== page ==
This is my second KQED Perspectives piece. It’s based on an original blog post of the same name. It felt timeless so I thought I would try and make it work in audio essay form. It aired on KQED Public Radio on October 3, 2016.
This is not a how-to. There are a lot of people who have more experience, knowledge, and instructional sense in this particular arena. I’m not one of them. But if you want a glimpse into the potential ups, downs, and sideways of crewing, then by all means cross the yellow caution tape.
Last Sunday I was in Golden Gate Park standing in the middle of the intersection at Chain of Lakes and John F. Kennedy with one of my course monitor crews for the Kaiser Half Marathon. The number of runners had dwindled considerably and I was waiting for the sweep vehicle to pass so I could combine this crew with the one I had a half mile west since I still had inbound runners heading to the finish at that location.
I saw a motorcycle cop driving down the course, the first vehicle I’d seen on it since the race started. I waved him down to ask him if he was the sweep or knew how far back the sweep was. He stopped next to me and I recognized him immediately.
Last summer I was working the Escape from Alcatraz triathlon for UltraSportsLive operating the camera position at the Legion of Honor. This policeman was the same officer working the event who had gone out of his way to get me and a couple of the race management security folks coffees and scones. It had been a very early, very cold morning and I think he felt bad for us. He was so nice. I remember the incongruity of this big guy in full motorcycle officer kit, sitting on a giant police Harley-Davidson, taking our coffee orders like a Starbucks barista. “Do you want whipped cream with that mocha?” I’m not even kidding. I’m sad to say it was a forgotten memory until this moment. I was so happy to see him.
“How do you spell kung fu?” asked Marie. We were enjoying some down time before race day in our little rental house on the island. I spelled it out for her.
“Is that one word or two?”
“Two. Kung and eff you,” I replied. Cue ironically placed rimshot.
I usually reserve my acerbic wit for people I’ve spent way too much time with in outlandish situations. Meet Marie. I figured my flippant remark was a little payback for talking me into this little adventure after I survived the Squamish 50k back in August. The gales of uninhibited laughter that followed let me know I didn’t offend any tender sensibilities. We were here with Karen who was also part of the Squamish Conspiracy Group. She ran Orcas last year and was looking to find a little redemption of her own. If she’d asked me to spell out a word I’m sure I would’ve come up with something equally as caustic.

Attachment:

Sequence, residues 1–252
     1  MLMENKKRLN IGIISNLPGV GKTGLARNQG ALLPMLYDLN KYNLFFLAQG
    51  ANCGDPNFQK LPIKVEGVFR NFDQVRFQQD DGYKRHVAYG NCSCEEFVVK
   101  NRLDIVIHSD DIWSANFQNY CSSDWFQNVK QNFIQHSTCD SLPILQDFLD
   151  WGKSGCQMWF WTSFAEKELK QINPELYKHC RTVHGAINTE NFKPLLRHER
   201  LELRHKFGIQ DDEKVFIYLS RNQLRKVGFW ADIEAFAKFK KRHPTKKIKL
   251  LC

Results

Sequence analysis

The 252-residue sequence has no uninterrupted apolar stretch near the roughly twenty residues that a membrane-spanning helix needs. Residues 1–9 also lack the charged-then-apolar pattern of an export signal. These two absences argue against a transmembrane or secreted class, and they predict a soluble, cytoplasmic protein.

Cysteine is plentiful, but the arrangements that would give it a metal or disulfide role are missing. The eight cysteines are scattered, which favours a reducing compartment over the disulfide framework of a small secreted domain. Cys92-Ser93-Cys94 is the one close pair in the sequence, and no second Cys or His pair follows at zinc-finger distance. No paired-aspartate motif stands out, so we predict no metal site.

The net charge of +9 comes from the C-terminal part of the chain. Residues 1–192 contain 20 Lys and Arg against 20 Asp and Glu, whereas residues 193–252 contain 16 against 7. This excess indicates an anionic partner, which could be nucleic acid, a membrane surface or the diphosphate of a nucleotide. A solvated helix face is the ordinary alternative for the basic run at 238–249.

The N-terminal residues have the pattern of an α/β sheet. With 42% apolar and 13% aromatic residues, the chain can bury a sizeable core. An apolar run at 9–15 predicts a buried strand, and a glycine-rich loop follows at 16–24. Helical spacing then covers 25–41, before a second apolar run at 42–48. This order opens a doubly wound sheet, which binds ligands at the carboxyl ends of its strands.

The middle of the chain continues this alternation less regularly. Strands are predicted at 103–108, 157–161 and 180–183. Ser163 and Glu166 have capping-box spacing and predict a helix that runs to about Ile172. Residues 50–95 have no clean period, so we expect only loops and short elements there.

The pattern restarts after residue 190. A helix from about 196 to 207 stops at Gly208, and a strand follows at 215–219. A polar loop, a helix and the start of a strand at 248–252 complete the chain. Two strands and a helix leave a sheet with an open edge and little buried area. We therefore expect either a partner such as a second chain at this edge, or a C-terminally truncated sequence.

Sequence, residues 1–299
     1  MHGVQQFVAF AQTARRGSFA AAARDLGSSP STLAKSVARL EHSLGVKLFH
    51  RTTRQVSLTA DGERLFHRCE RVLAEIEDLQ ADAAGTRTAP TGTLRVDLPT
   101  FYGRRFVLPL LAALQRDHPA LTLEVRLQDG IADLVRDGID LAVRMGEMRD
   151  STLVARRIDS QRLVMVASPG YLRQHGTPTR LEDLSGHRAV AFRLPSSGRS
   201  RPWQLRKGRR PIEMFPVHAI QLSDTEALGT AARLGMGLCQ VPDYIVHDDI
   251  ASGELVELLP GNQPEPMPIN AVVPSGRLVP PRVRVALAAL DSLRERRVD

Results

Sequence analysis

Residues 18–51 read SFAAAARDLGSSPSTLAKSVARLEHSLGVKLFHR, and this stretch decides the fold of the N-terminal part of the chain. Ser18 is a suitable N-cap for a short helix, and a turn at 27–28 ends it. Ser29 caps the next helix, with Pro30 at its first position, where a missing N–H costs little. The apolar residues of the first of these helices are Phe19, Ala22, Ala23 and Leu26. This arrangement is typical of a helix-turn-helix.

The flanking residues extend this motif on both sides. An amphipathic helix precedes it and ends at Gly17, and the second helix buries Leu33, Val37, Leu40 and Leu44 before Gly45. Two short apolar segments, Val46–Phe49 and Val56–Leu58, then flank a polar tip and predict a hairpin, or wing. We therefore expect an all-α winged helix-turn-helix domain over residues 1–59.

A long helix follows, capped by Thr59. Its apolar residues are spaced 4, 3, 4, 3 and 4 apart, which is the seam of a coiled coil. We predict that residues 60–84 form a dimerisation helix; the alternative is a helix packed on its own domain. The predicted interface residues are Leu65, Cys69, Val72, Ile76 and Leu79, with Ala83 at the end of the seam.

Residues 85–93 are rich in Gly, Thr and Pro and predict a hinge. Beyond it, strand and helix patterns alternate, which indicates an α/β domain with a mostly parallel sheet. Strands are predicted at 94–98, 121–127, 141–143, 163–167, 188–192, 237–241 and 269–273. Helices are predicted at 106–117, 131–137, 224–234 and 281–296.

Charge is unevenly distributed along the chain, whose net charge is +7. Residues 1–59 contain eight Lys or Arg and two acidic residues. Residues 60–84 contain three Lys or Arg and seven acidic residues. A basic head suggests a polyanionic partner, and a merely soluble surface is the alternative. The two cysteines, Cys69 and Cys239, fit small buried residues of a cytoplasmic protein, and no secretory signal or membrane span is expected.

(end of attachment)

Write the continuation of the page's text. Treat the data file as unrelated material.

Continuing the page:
It’s that time again when one tends to reflect on what has transpired over the past year. My season was over after Rio Del Lago and I’ve gotten lazy and fat living in sweatpants and a hoodie while my eating habits turned into that of an adolescent boy. Some call it recovery, others a break. I call it the Third Circle of Hell. Regarding running, along with the not-much-doing it, there is the not-much-thinking it, and the not-much-writing it. Try as I might I can’t seem to write a proper “year in review” post. Instead, I ended up here.
After I DNF’d Pine to Palm I did not want to do another race. The only thing left in my year related to running was the interminable wait to see if I got into the Boston Marathon. I didn’t. Once the dust settled from the two week long registration process the magic number was revealed. If you were 2:28 under your qualifying time you got in. I missed it by 28 seconds. Receiving the rejection letter two weeks after Pine to Palm felt like pouring salt on a still open wound. It was polite and encouraging but it also made me angry. It sugar-coated the only message it could give – you are too slow, get faster, try again next year. I would have preferred that rather than the paragraphs of words to soften the blow.